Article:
I run to the jeep and hit the starter. It clicks, then nothing.

The first Japanese dive bombers fly over low. Then more.

Their roar fills the air. I run back to the bunker for Lee and Michael.

Lee stands near his desk. Michael blocks him from the door.

”Get out of the way, Michael,” he says.

”We’re not going anywhere.”

”Move Michael.”

”But Lieutenant. But Lieutenant,” Michael says. “You sounded like a whiny little sissy.”

“I made the call. That’s what we’re here for. Now get out of my way.”

”Give it a try, big guy. Take charge. Are you Sam now?”

I catch Michael by the collar and drag him out the door. Lee turns to the back wall to switch off the equipment. Waves of dive bombers and torpedo planes pass over.

Michael breaks away from me and runs for the jeep.

”LEE. GET OUT. LEE,” I scream.

Michael starts the jeep and takes off. I run after him a couple of steps, then stop and turn as two dive bombers blast the bunker.

The explosion blows me backward.

Flames eat at the front of the bunker, heading to the back. I run to the back and open the door.

Smoke boils along the ceiling. Wires hiss and pop. Lee lies stretched out in front of the electronics wall. I roll him over and drag him toward the door. I take a better grip and drag him toward the tree line cover.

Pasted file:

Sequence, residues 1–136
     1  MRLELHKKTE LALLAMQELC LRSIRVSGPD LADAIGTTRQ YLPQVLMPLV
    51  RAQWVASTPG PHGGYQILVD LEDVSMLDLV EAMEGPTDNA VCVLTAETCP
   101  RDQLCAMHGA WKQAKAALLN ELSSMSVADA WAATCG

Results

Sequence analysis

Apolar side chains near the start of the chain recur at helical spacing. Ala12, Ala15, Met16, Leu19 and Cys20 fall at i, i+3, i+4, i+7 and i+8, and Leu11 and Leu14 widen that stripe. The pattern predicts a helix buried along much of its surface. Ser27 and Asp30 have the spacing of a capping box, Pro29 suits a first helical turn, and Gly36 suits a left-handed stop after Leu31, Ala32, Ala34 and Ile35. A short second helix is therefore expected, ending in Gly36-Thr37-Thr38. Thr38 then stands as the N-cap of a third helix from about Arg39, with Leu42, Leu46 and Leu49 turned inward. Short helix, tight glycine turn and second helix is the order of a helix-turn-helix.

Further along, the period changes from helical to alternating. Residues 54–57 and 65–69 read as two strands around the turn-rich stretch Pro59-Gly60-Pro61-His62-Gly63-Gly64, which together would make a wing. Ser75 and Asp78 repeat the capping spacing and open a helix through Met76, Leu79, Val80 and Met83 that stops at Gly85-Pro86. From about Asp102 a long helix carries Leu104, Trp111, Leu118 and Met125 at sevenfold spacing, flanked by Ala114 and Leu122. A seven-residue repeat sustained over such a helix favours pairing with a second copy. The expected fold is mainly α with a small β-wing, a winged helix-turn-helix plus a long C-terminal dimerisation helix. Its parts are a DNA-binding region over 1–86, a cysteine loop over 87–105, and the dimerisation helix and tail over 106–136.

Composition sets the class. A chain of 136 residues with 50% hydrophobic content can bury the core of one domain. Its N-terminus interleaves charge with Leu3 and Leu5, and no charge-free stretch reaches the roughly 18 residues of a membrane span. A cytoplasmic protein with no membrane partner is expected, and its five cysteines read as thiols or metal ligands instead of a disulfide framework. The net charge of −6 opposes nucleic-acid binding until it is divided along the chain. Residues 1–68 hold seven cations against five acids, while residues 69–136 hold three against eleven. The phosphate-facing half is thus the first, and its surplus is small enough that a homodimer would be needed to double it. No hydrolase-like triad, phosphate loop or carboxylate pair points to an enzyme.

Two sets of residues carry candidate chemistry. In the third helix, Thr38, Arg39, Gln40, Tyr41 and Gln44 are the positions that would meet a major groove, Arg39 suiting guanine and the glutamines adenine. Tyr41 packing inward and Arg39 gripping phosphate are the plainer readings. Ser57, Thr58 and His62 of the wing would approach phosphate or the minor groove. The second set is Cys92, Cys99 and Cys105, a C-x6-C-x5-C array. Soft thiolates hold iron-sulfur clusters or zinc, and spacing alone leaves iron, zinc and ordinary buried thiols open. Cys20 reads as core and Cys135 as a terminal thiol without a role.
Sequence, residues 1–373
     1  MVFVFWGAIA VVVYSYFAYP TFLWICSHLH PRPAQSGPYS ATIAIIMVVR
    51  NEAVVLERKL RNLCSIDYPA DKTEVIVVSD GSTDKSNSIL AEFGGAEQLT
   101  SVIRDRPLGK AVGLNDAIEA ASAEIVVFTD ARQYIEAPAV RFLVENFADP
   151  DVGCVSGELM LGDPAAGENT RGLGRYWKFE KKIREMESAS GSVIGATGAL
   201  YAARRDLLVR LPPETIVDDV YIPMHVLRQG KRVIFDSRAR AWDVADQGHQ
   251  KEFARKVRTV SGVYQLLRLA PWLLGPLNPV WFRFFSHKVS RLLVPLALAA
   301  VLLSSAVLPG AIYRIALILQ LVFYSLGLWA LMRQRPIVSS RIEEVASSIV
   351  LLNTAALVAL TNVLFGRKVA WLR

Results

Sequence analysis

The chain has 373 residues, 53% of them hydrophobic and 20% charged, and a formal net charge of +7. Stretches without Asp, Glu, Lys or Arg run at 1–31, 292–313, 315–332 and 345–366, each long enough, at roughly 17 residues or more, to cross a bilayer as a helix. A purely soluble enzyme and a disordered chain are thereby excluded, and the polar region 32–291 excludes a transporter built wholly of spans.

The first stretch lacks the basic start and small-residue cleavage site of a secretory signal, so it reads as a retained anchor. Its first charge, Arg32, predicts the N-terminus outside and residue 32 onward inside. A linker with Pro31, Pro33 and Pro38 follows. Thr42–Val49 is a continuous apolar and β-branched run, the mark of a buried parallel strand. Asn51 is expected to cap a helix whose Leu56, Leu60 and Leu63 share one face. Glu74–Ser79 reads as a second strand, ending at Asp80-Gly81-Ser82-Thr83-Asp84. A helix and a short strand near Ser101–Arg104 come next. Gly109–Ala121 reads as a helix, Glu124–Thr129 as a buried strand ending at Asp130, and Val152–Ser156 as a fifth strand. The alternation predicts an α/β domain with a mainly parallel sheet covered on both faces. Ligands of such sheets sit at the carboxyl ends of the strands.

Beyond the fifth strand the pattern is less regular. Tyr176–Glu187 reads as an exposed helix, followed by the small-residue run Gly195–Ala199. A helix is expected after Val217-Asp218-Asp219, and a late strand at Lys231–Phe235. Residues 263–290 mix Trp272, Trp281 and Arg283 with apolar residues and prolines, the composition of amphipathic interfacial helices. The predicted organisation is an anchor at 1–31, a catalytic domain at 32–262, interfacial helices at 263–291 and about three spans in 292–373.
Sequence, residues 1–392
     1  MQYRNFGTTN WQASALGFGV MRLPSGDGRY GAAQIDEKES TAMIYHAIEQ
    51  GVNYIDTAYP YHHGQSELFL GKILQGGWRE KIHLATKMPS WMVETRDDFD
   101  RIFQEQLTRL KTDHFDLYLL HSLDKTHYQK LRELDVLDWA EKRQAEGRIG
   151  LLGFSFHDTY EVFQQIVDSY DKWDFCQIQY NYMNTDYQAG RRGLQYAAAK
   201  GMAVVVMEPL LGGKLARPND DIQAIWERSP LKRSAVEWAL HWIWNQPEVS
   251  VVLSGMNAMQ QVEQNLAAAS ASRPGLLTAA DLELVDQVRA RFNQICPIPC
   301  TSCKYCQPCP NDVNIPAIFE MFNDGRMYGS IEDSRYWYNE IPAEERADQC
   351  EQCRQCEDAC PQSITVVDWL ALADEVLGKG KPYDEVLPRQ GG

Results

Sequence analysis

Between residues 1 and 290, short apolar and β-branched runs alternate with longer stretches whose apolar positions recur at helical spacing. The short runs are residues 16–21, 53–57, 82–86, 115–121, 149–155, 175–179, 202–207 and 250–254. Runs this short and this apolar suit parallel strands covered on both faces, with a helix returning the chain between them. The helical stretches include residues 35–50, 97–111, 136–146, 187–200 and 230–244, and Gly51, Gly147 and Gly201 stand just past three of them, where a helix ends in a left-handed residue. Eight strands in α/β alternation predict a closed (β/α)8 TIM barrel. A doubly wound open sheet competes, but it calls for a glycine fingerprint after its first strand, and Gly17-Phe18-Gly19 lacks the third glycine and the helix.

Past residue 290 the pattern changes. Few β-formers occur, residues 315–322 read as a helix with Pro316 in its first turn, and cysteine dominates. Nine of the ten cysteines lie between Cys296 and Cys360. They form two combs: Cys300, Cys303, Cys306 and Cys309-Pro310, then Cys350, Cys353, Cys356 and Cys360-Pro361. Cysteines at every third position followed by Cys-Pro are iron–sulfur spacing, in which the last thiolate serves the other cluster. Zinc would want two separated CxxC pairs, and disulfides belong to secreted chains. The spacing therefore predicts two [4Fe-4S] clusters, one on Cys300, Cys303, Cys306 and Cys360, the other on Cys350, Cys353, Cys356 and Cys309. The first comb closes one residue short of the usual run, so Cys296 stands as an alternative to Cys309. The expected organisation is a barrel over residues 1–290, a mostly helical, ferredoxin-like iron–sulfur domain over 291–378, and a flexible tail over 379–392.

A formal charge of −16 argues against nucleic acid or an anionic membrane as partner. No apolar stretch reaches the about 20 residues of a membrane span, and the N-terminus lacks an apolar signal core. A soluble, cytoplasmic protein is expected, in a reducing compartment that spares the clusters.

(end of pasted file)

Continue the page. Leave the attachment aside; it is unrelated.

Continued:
Two fighters swoop in on a strafing run, machine guns blasting from each wing. They stitch Lee across the stomach, tearing him in half. I keep dragging the top part of Lee and fall into the underbrush. 

Hours later I walk the ruined docks around Pearl Harbor. Burning ships show their keels. Oil fires spread black clouds over the water. Orange flames snake through the smoke.

Broken men stand and watch, eyes vacant in an unbelieving daze. I stood there when I couldn’t walk anymore in my scorched clothes. My head shakes. Smoke swirls all around my feet.

We watching others lay bodies out on the ground. I walk away after they set the third row and the guys near me start wandering between them. I take one step, then another.

The wind in my ears filter the sounds behind me. I start running, turning my head so side to side so Pearl Harbor could only get in one ear. I sprint dead out toward the airport, dodging holes in the road and cars and people in shock. I exhale the smoke and death; I spit out the guns and bombs; but I don’t lose the way the air vibrated and the ground shook and how light Lee became while I pulled him over the dirt.

I look down and see splatters of Lee on my shirt. I tear it off and throw it behind me. This didn’t have to happen. I saw the planes coming in. They weren’t seagulls or B17’s. They were the wrong shape and too many of them.

If no one listens, what do you do?

Keep talking?

Keep working?

Treat it like it was an act of war instead of an act of slaughter?

Or make a difference? I run for the airport in a full-out sprint and kick in my finishing speed. I’ve never been faster. I don’t notice the low smoke that puffs away with each step, or the steady traffic driving too fast on an access road.

Make a difference is the only choice.